Musings on Contention in Data and Portability Thereof

If you ever read Master Sun’s The Art of War, you’ll understand clearly that contention leads to conflict, and conflict leads to war. No clearer is this the case than yesterday’s battle about data ownership amongst some of the most prominent technology bloggers. Warning: the following link is to a podcast that contains adult language. You can listen to the discussion here.

At the heart of this heated discussion is the ownership and portability of personal data proceeding the tete-a-tete involving Google and Facebook. The summary scenario goes like this… if you give somebody your business card, the social contract states that you’re sharing your information with that person and they’ll then own it. However, you trust that the transfer of that data is on a one-to-one basis. Now imagine for a second if that person took your business card and published all of your contact information publicly in a way that any person could gain access to that, but that is not exclusively what you intended with your contact info. Would that be a breach of the social contract?

Of course there would be a penalty in such a scenario. If you did not want your information widely published, you’d hold the party you shared your business card with responsible, right? Well, that’s the scenario being faced in the web social networking space. Facebook, through their actions, appears to believe they own any data that you have created on their application. In fact, up until a couple of months ago it was extremely difficult (if not impossible) to delete/remove yourself from their application.

In an effort to make our personal data more portable, groups such as OpenID are working to allow users to carry their personal information with them across the web. But now let’s look at the bigger issue. Imagine for a second that you have a friends list, social graph, or contacts data. Should you be able to take that with you too? And if so, does your social contract with all of those people empower you to take their contact data wherever you want?

This is a very challenging issue. BusinessCard2 has been on both sides of this issue; we have allowed for the publishing of contacts’ data and have also put full account and data control in the hands of our users. Just in the last week we made the decision to avoid the problem of contacts assigned to a single identity by opposing any functionality in our application from importing a users’ contacts. This was a rather simple decision because we felt it was the right thing to do. It may slow our growth, but we think the rewards are that we can sleep at night without concerning ourselves over maintaining data on people who are not or do not want to be a part of our application.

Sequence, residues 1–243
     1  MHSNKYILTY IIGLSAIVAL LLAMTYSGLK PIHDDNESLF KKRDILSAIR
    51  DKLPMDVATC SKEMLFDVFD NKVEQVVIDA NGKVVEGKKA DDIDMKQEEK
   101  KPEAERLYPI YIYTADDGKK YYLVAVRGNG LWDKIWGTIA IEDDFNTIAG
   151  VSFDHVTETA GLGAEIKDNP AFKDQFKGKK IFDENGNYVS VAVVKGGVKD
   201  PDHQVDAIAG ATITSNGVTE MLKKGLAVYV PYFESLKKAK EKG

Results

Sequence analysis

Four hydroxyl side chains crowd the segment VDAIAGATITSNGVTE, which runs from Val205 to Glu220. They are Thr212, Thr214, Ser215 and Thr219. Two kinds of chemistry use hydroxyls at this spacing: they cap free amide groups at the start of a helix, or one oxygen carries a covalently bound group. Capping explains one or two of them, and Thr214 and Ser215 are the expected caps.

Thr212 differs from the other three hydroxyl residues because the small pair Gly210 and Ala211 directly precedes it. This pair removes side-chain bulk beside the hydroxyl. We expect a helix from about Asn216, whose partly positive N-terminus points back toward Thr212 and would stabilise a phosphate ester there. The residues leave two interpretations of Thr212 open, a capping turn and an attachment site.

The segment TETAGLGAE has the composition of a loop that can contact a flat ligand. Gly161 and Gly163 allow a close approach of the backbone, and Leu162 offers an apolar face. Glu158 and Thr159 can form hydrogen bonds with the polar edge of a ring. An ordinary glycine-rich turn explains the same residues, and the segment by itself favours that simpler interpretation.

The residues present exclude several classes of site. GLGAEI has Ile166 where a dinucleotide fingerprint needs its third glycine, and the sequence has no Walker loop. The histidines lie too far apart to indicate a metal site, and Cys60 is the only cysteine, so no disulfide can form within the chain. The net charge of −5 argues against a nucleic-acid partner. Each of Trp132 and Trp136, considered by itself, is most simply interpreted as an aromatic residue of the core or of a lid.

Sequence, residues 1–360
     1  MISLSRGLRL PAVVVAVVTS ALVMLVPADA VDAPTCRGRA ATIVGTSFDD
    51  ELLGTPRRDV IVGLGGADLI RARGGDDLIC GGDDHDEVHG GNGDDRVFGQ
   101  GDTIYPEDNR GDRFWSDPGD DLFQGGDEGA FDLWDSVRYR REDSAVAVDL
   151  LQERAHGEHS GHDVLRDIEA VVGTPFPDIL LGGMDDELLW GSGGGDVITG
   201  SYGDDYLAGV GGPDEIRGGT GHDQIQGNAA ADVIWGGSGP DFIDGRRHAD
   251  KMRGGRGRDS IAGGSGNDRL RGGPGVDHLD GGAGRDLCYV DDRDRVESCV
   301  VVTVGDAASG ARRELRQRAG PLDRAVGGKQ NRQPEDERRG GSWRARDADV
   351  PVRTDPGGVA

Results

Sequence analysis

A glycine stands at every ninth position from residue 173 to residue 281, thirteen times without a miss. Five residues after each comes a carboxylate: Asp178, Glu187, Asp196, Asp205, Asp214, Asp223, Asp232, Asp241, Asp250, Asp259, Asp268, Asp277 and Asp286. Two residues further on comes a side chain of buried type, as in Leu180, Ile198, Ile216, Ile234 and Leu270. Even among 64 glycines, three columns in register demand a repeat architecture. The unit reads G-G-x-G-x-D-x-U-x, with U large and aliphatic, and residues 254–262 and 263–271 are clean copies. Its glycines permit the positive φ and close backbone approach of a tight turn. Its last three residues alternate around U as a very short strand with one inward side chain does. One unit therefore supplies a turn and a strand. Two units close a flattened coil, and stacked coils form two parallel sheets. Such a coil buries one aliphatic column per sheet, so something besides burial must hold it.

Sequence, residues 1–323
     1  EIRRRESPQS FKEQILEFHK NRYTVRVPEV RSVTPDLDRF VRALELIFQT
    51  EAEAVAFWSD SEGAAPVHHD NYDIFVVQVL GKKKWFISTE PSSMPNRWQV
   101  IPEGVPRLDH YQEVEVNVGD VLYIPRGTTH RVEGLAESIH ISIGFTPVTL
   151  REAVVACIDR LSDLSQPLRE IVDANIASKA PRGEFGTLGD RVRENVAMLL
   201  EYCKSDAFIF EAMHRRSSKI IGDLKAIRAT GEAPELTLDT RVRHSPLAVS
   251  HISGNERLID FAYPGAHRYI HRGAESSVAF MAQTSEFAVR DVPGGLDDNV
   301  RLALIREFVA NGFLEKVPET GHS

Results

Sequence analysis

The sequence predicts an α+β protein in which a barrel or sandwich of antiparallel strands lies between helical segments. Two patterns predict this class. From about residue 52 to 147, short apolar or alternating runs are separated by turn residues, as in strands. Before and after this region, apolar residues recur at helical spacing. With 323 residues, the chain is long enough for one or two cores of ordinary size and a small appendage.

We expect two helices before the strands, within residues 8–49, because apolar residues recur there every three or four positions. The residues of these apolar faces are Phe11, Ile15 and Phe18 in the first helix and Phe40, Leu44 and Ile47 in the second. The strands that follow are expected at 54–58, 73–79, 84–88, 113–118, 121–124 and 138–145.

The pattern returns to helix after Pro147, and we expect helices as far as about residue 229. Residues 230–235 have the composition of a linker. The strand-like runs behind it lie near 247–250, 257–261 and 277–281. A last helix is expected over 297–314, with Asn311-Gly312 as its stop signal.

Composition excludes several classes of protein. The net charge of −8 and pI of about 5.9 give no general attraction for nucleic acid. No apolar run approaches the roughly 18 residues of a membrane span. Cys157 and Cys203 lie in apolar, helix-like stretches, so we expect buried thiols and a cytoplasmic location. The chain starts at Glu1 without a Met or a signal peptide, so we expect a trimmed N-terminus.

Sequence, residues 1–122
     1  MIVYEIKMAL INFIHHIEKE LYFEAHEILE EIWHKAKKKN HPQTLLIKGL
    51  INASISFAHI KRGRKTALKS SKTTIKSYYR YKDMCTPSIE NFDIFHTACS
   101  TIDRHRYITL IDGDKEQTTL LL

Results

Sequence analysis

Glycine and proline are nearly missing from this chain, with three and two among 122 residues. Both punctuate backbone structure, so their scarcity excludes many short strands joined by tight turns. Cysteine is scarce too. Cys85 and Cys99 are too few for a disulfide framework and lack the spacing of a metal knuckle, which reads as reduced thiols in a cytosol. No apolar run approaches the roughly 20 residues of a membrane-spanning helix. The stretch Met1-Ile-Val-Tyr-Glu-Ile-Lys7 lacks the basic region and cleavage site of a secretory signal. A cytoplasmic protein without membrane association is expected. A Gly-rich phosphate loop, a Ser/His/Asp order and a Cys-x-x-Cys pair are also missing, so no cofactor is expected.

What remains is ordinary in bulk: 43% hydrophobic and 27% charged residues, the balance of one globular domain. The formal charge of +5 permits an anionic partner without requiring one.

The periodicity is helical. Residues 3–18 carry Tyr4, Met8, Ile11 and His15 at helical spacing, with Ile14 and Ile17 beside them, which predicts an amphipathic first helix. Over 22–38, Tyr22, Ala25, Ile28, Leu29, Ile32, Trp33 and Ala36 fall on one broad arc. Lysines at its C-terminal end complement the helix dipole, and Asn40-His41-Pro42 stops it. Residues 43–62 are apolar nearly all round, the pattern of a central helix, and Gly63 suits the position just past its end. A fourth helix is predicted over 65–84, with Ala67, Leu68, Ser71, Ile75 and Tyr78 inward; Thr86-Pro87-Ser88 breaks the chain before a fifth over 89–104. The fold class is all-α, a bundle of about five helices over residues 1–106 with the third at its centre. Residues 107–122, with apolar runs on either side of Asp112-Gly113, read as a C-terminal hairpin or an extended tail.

This contention also brings up an even bigger issue, and that is the fact that BusinessCard2 is not purposed as a social network. In fact, I’d say we’re the opposite of a social network. A social network is about aggregating contacts and connections, primarily involving those who you have relationships (whether authentic or virtual) with. BusinessCard2, on the other hand, is purposed to help bridge the gap between you and somebody you don’t yet know. In our model, it’s a solution to uniting two disconnected nodes (you and a customer who doesn’t know you yet).

As a commercial connectivity tool, we are providing our application as a means of broadcasting your professional identity to new audiences: potential new customers, potential new partners, etc. This of it as your own personal dynamic website that you own and control, but can go outside of the walled garden of

The walled gardens of systems like Facebook, LinkedIn, etc., are good for Facebook, LinkedIn, etc. At times they’re also good for the body of the social network (Facebook may not have grown as large if they didn’t have a walled garden). Regardless of personal opinions on the moral and contractual obligations of data and data portability, the simple fact is that people want to and should be able to move freely outside the walled garden, and should be able to terminate their data within a walled garden any time they wish. The leading social networking websites understand this, or portability wouldn’t be an issue. From a defensive position, they want to ensure that their application isn’t just a fad, so they’re willing to talk about things like portability. But, when they say one thing and do another, that is a smoke screen, right?


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